Another flaw has to do with a student’s test-taking ability. Kinesthetic learners and those with learning disabilities often struggle with test anxiety, and suffer from lower scores despite retaining the information, something that is ironically ignored by this legislation. The opposite is also true; students who are good test takers can get satisfactory credit when they have not truly comprehended the material.

Regulations were developed in 2002 to try to take into account the metaphysical, fleeting, and intangible nature of comprehension. Legislators loosened restrictions on curriculum, but still enforced the standardized test. If the destination at the end of every school year is the same, the learning process is every bit as suffocated as it was before, students are directed toward a single test that will decide their educational future, no matter how creative the curriculum, students are still expected to regurgitate answers for the sake of answers, and nothing else.

To supply federal funding without the proviso of standardized accountability would be an alternative that can generate better results by simply allowing substantial federal oversight to monitor how the money is distributed. New financial distribution committees could be created as a conduit between state and federal lawmakers to ensure responsible and practical application. This could be used in conjunction with Lyndon Johnson’s initiative to provide additional financial aid for under-funded schools. This would be the most beneficial way to encourage productive learning using some of the tools implemented in the past.

Real comprehension can never truly be measured; we can only instill faith and confidence in the talent of our educators, to see our youth to the other side. What is sad about this fact is that the only ones who seem to know this are the educators themselves. There is another, less-discussed obstacle that stands in the way of a more progressive approach to learning. Officials with a political stake in education (with no real educating experience) want numbers and percentages to fuel campaign advertisements and speeches.

The problem with even the few seemingly effective acts of legislation set forth in the previous century is that none of them address the change in infrastructure that is so sorely needed in a modem and enlightened society. It is vitally necessary with all the challenges we face in the twenty first centuries, to utilize all of our possible resources to fuel our education system. There a several untapped resources the government leaves in the hands of organized crime syndicates that could generate biblically astronomical revenue. The Government could shrink classes, institute permanent tutoring and mentoring programs, or provide more thorough evaluations of student comprehension by attracting more candidates to fill sorely needed teaching positions. The government could afford to pay two teachers to every class of four students. The United States could have a veritable new age of enlightenment, creating a learning society that is not only accustomed to once taboo-distractions, but a society with the tools to thirst for knowledge as no generation ever dared.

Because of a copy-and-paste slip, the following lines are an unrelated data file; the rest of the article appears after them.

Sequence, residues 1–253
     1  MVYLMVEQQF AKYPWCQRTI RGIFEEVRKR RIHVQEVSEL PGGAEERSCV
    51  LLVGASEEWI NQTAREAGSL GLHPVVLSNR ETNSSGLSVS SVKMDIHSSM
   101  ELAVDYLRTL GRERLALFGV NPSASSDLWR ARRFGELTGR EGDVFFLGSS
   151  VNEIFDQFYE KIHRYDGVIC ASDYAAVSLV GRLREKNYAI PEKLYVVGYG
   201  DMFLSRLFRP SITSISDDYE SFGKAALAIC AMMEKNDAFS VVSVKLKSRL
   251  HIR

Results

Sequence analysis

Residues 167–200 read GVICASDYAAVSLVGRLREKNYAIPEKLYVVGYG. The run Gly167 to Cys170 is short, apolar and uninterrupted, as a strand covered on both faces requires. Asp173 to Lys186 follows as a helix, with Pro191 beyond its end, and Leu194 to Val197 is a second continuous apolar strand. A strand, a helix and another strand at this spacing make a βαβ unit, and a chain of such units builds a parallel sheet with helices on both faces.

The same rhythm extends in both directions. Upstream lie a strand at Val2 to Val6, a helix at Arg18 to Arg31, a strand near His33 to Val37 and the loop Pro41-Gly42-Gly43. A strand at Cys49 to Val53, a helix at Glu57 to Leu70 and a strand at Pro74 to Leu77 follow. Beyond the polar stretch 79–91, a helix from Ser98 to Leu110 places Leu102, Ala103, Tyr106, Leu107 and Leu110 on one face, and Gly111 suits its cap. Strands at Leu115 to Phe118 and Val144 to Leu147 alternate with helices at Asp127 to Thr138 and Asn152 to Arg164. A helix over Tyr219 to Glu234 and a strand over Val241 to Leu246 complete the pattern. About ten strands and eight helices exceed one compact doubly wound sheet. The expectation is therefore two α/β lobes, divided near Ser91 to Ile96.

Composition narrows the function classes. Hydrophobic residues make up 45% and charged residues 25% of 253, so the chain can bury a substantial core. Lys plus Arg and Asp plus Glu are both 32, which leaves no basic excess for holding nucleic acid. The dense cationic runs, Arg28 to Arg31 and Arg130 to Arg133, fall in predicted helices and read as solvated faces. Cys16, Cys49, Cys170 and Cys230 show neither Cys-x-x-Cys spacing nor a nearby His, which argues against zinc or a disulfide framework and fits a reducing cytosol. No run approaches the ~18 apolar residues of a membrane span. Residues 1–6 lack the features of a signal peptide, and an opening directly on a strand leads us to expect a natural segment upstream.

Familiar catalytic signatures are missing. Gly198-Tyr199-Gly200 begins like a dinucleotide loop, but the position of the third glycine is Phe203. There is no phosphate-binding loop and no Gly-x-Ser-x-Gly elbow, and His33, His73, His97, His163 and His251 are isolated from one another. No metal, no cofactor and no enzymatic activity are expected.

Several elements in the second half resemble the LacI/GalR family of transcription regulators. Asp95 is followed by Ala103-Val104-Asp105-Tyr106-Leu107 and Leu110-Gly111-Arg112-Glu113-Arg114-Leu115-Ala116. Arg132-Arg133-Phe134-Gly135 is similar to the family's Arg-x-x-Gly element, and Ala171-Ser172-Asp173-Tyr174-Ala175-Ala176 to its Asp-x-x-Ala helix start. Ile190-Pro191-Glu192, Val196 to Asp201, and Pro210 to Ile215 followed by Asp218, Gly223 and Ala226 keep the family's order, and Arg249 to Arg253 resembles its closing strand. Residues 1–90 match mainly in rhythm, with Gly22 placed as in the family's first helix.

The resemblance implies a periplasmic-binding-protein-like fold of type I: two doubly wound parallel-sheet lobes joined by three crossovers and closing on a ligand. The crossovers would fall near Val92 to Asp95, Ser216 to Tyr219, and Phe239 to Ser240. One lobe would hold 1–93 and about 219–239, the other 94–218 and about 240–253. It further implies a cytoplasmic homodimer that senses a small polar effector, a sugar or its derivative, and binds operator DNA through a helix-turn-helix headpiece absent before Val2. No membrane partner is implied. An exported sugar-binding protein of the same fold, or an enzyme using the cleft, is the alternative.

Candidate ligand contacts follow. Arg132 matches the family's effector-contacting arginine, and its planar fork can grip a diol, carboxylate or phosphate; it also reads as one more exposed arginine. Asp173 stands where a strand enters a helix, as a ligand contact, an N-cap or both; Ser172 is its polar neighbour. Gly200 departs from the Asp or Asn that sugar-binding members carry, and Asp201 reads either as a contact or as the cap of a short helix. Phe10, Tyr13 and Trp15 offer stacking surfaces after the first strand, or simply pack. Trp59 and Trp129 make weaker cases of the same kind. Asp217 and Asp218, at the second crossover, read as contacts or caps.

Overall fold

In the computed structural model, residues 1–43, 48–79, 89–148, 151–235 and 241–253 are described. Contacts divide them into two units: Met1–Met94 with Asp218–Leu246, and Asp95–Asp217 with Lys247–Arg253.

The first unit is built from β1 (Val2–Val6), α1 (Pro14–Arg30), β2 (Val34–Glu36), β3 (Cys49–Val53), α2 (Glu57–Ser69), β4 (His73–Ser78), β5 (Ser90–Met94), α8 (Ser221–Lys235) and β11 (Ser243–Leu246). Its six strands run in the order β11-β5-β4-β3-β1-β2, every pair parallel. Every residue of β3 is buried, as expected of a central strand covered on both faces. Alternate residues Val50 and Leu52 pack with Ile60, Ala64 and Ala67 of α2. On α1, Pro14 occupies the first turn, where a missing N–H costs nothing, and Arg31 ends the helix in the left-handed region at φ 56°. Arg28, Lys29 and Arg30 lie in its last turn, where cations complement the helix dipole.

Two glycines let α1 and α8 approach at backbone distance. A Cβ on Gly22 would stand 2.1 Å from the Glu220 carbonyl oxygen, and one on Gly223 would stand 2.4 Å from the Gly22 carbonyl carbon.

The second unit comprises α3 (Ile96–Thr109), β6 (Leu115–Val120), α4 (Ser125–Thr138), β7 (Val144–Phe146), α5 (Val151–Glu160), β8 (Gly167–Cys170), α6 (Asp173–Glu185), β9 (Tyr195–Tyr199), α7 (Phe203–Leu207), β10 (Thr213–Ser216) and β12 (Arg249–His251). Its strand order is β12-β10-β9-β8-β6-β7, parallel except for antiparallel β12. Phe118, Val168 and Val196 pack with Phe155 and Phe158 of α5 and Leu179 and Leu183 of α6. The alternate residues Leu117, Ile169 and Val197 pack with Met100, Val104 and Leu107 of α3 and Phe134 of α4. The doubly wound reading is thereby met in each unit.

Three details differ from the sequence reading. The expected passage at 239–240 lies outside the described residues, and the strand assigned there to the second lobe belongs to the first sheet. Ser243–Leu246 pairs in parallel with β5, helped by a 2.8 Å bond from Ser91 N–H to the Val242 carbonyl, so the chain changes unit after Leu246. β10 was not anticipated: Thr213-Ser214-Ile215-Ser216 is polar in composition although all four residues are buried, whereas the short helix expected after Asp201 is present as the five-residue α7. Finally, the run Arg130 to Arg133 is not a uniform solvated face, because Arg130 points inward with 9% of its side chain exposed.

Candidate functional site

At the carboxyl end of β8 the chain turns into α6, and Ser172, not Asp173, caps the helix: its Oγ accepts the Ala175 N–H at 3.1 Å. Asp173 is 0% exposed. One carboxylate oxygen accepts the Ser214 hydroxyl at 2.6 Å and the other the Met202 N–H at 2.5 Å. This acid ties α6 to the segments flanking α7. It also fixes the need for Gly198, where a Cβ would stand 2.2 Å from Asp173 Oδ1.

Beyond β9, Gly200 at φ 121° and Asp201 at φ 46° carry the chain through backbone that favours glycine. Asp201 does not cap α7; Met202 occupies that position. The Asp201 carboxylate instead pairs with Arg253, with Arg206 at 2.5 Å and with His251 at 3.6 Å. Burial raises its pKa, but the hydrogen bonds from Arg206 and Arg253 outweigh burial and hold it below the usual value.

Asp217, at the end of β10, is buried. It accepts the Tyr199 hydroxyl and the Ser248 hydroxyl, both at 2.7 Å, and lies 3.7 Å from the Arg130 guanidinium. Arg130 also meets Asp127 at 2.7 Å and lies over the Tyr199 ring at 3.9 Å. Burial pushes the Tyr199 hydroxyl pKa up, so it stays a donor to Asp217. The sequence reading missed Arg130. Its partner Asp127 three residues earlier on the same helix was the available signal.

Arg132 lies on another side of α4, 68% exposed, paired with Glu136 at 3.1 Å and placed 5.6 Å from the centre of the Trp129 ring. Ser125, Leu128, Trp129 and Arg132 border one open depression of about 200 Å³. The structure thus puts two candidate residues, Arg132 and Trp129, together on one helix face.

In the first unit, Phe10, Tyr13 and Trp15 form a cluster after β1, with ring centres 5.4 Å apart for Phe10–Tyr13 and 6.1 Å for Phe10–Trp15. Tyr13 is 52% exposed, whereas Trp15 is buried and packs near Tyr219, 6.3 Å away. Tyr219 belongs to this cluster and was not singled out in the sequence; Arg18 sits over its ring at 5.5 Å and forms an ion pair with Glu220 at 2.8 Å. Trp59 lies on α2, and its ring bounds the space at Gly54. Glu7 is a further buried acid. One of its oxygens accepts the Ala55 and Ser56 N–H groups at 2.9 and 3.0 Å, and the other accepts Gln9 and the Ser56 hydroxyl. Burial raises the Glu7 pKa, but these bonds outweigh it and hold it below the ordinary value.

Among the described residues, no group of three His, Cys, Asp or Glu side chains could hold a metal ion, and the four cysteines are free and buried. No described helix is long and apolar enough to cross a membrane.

The legalization of perhaps just one of these extremely taboo industries – marijuana, narcotics, or prostitution – could transform our economic landscape. This is not the only way our government can seamlessly have the financial tools to empower our school system. Today, the government maintains publicly its commitment to church and state, yet it refuses to impose taxes on religious institutions. Unfortunately, the only practical way to implement these policies would likely have to involve succession.

The problem with a government mandate is that as soon as it enters the classroom and lays its hand on the fragile dynamic of the learning environment, it effectively poisons the well. No Child Left Behind is the most destructive piece of legislation with the most admirable of intentions; it’s like Lenny from Of Mice and Men. Due to its bipartisan support, hopefully the future of our education system will not end up reminiscent of the dead mouse in Lenny’s pocket, or the young woman he suffocated in that barn.

Work Cited

United States. A Nation at Risk: The Imperative for Educational Reform: a Report to the Nation and the Secretary of Education, United States Department of Education. Washington, D.C.: National Commission on Excellence in Education, 1983.

– David J. Bausch, 1st Place in Essay